Like clockwork EA Sports has rolled out a new iteration of its longstanding football franchise with FIFA 21. The new game comes at an interesting time, with next-gen consoles on the horizon, along with the promise of cutting edge graphics and gameplay.
While we wait for that promise to be fulfilled, we still have to contend with FIFA 21 on current-gen consoles (PS4 in the case of our review).
Unfortunately for EA Sports, however, many of the problems that have persisted in past titles remain in this latest iteration, and while the addition of some much-needed features helps things, they do little to paper over the growing cracks that the franchise as a whole suffer from.
Have we been here before?
As such, FIFA 21 might look new and shiny, but beneath the veneer is a game that will likely frustrate its player community in time.
Having dedicated several hours to the game since launch last week, here are our thoughts on FIFA 21, and why we’re hoping that the next-gen versions will offer a whole lot more.
Booting up and signing into the game, and EA Sports has retained a very familiar feel. Before you even head to an in-game menu, you’re thrown into a match. This specific one is the Champions League Final, between Liverpool and PSG (which did not actually take place), and is used to highlight the game’s cover star – Kylian Mbappe.
As such, nothing new is being served up here. Ever since EA Sports got the licensing to feature UEFA tournaments in its games, back when Juventus were still a part of FIFA, the developer has not held back in punting its status as the game to have official access to the tournament.
While that is all well and good, it feels like exactly the same trumpet that’s been sounded over the past three years.
The one thing this match does offer, however, is a quick taste of the new gameplay that has been applied to FIFA 21. Here, it is a bit of a mixed bag. Passing is more varied and natural, which means if you hit a pass with a player’s less dominant foot, it may skew off course more than normal.
Weighting of passes is also far more realistic, although shooting has changed for the worst in my opinion, with it being a little too easy to rattle the back of the net, and no I’m not humble bragging about my skill level.
Next we need to talk about defending, and when the opposition has the ball. Again, the changes made by EA are mixed. We like the intelligent way that AI teams press. It means that the higher difficulty you play at, the more skilled you need to be to avoid the press and turning over possession.
By contrast, when you’re defending against AI attacks, it seems like the ball is almost magnetised to their feet, with even the most unskilled holding midfielders doing Cryuff turns and capable of dribbling against three opponents at once. It can be a rather frustrating gameplay element at times, and on more than one occasion drew a “wait, what?”
One aspect of gameplay we did like, though, was the way in which momentum dictates the outcome of a game. On this front, if we can score a goal and quickly apply pressure thereafter, the chances of scoring again seem to increase significantly. Much like a real football match then, momentum plays a crucial part of gameplay.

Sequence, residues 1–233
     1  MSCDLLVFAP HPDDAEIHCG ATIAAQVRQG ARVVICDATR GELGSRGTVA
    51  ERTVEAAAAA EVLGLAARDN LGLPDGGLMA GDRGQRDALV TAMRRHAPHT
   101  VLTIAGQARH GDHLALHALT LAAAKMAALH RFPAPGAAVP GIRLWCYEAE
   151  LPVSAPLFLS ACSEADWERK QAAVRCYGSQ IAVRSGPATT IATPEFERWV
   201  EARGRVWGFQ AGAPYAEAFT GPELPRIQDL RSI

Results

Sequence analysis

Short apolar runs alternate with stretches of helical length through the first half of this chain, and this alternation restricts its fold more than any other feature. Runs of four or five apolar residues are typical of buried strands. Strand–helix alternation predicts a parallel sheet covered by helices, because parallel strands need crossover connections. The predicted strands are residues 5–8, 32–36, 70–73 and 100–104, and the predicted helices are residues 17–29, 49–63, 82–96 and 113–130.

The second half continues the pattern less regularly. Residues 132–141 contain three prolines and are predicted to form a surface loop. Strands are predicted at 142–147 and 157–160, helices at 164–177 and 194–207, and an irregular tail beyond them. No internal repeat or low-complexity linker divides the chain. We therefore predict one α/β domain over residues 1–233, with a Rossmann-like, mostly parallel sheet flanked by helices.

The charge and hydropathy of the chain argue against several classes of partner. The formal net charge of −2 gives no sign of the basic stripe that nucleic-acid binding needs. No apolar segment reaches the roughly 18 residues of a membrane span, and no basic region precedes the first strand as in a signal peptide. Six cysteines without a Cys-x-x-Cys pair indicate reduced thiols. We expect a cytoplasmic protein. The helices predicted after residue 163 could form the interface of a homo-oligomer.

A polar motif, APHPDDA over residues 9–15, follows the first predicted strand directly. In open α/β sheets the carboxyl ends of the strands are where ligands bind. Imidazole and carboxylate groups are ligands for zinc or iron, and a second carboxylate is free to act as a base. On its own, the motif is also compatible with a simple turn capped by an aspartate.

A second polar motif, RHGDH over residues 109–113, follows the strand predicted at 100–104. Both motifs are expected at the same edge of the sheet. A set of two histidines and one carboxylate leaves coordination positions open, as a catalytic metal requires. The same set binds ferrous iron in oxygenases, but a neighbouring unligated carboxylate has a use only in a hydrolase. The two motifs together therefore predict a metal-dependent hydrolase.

Copy and paste
Once you’re done playing with Mbappe and co., it’s time to explore the different gaming modes. Here, the career mode has likely seen the biggest changes, many of which we’re quite keen on. The ability to develop players into different types of roles, as well as positions, is something we’ve been yearning for some time now.
But, when EA gives with one hand, it takes away with the other. This comes in the form of an extension of the training mechanic introduced last year, with sessions happening every other day in between matches. As such, you’re often forced to skip training just to get to the next in-game event, which can become rather frustrating.
Apart from those elements, career mode is much the same.
And this brings us to the larger issue in FIFA 21 – as everything feels the same as last year’s game for the most part. There might be a new colour scheme for example, but menu layouts are much the same, with in-match menus and other aspects of the title showing no sings of change either.
Added to this is the fact that the in-menu aspects feel quite slow, which does not seem like it would be a problem considering we’re playing on a PS4 which has not given any issues to date (knock on wood).
Sign of the times?
One interesting aspect that we thought was worth bringing up here, is that no mention has been made of the COVID-19 pandemic. While it did not throw off EA’s plans for the release of FIFA 21, the impact that it has had on world football cannot be overlooked.
Yes, there might be some that say this is a game, and therefore a form of escapism for players and fans, but EA has a history of highlighting world events in FIFA, especially recently, with Black Lives Matter notifications of support appearing in FIFA 20 in past months.
Seeing something similar would have been nice in our view, as would any acknowledgement of the pandemic, or the fans not being allowed to go to games, by the in-game commentators.
If you were wondering, yes, all stadiums are full in FIFA 21.
FIFA 21 is not a terrible football game, but neither was FIFA 20 or indeed FIFA 19, and that is the big problem that needs to be tackled by EA Sports.
The iterative nature of sports games needs to be shaken up, and this latest offering simply does not do that. When you factor in that this game will cost you in excess of R1 100 on console, apart from updated kits, there is little to feel like you’re getting your money’s worth.
If the gameplay or visuals are not markedly better on next-gen consoles for FIFA 21, you could soon find more players looking to next year’s PES title to give them what they’re looking for.
For now, this is the best available to us, and it is sadly not good enough.